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Posted: 8/28/2001 12:22:45 PM EDT
[Last Edit: 8/28/2001 12:23:17 PM EDT by Grundsau]
Working with 50mb and larger image sizes. Getting a new digicam that will be giving me large file sizes to start with. Have heard the Pentium chip is better for graphics than AMD. Know if there's any truth to this? Am building a new PC which will have at least 512Ram. Any other suggestions on what I might need. I get info from other photo forums but am wondering what you guys think. Thanks, Allen
Link Posted: 8/28/2001 12:34:16 PM EDT
The Pentium will handle graphics a lot better than the AMD, it has problems with OpenGL and a few other things. You also need to look at Windows 2000 if you want to use that much RAM, as the other Windows products (with the exception of NT) will not utilize that much, even if you have it in the machine.
Link Posted: 8/28/2001 1:03:33 PM EDT
It depends upon the applications being used. Most commercial graphics apps like Photoshop 6.0 and others are all geared towards the Intel processor when it fomes to x86 platforms because of the SSE optimizations of the processor. However, AMD has just licensed the SSE instruction set for their latest Athlon chips, so you will do well to go with either. AMD is going to be cheaper and offer greater performance per MHz, while the Intel will win in pure clock speed. Personally, I'd go with an Athlon. I'd also go with at least 768MB of the fastest RAM the motherboard supports, as RAM is really cheap right now. Also, do your eyes a favor and go with a flat monitor, preferably a Sony Trinitron (or OEM trinitron tube) no smaller than 17". You'll be amazed at how much strain this will take off your eyes, allowing you to work longer. God Bless Texas
Link Posted: 8/28/2001 1:14:09 PM EDT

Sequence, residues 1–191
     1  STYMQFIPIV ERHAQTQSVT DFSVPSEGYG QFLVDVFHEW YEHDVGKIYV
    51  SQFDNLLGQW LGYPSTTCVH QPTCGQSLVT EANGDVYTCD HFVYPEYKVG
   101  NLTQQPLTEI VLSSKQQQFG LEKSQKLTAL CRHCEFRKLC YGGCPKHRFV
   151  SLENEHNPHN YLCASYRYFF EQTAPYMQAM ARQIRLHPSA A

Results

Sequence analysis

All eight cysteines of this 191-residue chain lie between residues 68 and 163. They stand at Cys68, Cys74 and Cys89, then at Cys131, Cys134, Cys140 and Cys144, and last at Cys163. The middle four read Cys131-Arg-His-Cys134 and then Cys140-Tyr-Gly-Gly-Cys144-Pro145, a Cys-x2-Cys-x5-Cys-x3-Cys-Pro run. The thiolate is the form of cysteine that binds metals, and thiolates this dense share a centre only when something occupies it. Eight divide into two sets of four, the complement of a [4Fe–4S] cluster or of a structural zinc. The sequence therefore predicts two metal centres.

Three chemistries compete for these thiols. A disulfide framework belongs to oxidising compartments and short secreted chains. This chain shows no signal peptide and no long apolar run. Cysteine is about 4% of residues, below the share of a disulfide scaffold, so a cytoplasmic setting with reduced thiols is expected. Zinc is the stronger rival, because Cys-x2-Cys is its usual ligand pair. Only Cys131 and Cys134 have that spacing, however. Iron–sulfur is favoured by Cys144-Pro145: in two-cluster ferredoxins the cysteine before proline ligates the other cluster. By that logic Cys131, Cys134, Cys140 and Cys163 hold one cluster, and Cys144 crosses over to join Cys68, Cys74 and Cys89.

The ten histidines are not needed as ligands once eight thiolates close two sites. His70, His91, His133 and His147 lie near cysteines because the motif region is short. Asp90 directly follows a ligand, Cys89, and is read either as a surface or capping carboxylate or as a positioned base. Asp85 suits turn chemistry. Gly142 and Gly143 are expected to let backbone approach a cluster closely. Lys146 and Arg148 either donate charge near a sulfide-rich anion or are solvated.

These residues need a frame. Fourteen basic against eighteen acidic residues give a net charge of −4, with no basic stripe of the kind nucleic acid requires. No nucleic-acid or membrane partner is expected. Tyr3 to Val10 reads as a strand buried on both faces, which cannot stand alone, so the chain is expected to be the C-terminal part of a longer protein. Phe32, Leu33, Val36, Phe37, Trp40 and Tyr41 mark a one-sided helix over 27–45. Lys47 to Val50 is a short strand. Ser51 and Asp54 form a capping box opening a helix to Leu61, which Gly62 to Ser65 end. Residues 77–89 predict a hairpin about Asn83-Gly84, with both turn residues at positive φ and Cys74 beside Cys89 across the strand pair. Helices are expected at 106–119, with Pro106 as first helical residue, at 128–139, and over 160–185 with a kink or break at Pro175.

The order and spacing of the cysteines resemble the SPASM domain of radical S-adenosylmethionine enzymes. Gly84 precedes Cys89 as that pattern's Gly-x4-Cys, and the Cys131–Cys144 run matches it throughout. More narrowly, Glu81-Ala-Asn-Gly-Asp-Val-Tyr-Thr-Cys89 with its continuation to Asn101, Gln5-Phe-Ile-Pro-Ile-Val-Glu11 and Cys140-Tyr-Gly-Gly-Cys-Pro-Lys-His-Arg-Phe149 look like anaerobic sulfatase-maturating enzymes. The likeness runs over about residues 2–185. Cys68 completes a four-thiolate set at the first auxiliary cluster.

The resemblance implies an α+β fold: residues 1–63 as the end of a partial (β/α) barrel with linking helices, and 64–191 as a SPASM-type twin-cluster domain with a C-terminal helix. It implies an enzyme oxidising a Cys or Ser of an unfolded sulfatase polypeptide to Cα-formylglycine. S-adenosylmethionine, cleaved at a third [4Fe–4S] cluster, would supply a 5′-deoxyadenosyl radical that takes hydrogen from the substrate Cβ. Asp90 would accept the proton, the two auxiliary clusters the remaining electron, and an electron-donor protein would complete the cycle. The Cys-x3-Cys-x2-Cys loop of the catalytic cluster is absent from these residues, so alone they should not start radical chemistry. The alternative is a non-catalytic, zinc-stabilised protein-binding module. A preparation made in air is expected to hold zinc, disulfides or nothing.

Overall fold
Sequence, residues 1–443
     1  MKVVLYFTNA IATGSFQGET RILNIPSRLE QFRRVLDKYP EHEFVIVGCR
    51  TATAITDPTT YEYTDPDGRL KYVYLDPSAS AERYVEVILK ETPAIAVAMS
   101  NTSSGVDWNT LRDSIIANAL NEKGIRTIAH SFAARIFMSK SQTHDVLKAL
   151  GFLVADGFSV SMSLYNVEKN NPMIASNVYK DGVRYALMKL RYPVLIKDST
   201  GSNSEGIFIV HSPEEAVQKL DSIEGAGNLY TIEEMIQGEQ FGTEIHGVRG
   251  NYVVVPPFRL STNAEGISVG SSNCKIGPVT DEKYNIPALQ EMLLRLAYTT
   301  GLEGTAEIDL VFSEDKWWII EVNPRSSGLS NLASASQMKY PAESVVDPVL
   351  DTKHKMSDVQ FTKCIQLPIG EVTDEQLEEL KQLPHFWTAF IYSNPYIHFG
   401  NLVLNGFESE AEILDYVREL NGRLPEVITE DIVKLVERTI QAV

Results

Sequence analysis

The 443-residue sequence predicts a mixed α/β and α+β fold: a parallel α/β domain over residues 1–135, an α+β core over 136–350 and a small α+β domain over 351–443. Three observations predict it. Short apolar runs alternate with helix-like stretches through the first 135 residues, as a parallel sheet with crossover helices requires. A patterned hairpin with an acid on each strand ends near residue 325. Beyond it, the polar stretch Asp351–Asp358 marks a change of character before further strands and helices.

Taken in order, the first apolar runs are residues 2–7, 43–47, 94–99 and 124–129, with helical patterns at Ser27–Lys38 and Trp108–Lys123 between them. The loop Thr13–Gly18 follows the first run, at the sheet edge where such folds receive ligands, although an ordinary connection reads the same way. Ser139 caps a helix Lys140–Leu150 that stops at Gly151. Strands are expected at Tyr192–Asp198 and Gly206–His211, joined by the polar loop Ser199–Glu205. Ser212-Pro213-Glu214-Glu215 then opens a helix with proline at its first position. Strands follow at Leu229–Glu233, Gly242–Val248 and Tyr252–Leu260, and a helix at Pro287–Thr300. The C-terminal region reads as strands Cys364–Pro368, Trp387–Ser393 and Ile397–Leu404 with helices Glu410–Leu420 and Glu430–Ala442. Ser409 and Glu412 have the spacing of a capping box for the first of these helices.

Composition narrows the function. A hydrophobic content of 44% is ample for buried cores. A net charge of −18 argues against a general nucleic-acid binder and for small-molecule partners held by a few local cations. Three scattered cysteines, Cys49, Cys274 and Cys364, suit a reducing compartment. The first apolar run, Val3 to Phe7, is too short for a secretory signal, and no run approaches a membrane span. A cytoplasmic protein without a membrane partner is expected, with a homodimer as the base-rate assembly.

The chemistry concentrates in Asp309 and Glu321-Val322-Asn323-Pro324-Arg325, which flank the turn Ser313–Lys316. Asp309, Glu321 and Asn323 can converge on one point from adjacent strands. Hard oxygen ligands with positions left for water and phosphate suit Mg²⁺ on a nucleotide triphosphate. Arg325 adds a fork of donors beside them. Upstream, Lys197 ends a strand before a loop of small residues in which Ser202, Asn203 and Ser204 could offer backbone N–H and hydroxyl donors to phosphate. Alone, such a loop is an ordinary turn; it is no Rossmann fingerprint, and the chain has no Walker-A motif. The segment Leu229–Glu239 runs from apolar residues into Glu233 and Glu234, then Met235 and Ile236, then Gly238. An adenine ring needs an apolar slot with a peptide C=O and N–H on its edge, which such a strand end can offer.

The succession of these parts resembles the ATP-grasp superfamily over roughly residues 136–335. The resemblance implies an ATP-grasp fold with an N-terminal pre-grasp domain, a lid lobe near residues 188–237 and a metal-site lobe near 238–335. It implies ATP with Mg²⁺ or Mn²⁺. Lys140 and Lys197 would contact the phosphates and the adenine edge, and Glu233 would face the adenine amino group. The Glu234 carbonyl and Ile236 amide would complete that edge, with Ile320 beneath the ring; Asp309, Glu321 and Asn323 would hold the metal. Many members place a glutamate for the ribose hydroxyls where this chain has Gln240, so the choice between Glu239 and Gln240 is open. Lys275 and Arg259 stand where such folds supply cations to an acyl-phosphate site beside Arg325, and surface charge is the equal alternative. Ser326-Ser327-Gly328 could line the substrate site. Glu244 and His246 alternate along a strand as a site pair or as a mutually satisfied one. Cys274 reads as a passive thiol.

[Last Edit: 8/28/2001 1:15:01 PM EDT by Grundsau]
Those are good suggesations. Am looking for more. I like the idea of the higher RAM. Actually, someone mentioned a Gig of RAM and I can see uses for that in the near future. When taking Sr portraits, we will need to dump 50 or so high rez images of one Sr. into a desktop for instant previewing by the customer. Actually we will need about 4 machines. Probably two dedicated to PShop and other nifty progs and then others for image showing and admin duties. I lean to the P chip myself and have been reluctant to look elsewhere. I already use a 19" now and am looking at a 21" monitor later along with a Wacom tab.
Link Posted: 8/28/2001 1:22:13 PM EDT
Buy up RAM like a squirrel storing nuts for winter. It's so damned cheap right now you could easily afford to throw a gig worth of RAM into your system if the motherboard will permit you and if you're using an O/S that can take advantage of it. Just got 256megs of Crucial PC133 RAM for 44 dollars delivered. Would have brought my system up to around 512megs but I'm using windows ME and I'm not sure if the difference between 384 and 512 would be noticable.
Link Posted: 8/28/2001 1:53:15 PM EDT
Have an AMD 1200 Athlon Tbird running on 256 megs of ram with a 30g harddrive(you need more for video processing). Graphics card is a Geforce2GTS 32 MB card, sound comes from a run of the mill Soundblaster 128 19" monitor and cable internet completes the setup. Got this system a two months ago, very pleased with the AMD's performance. Processor speed is like the nuclear arms race of the cold war, someone is always gonna get more/bigger/faster processors and someone is always gonna produce something to compete with it. Kuiper
Link Posted: 8/28/2001 2:10:51 PM EDT
Just saw in a recent ad that Intel has just released the new 2GHZ processor. DAMN! that is one smoking peice of silicon. Prices for 1.7ghz and 1.8ghz are going to be falling fast. Now's the time to upgrade.
Link Posted: 8/28/2001 2:26:54 PM EDT
You want the fastest bus/chip speeds for the money. Never buy the latest and greatest, go for close second. 1 gig of DDR ram, 1.5 gig P-4, a fast 40+ gig IDE hard drive, minimum Geforce 2 with 64megs of ram, and a fast updated motherboard to support all these new chipsets. The extra memory will help a lot and keep your processor free from having to constantly cache your hard drive for virtual memory. As your layers in Photoshop grow, you can easily turn a 50meg file into a 500meg file really fast. You'll want to use Win 2000 Professional, a very fast, stable OS that will give you back your memory when you are done. Stay away from any consumer grade OS's like Win 98 and ME.
Link Posted: 8/28/2001 2:40:25 PM EDT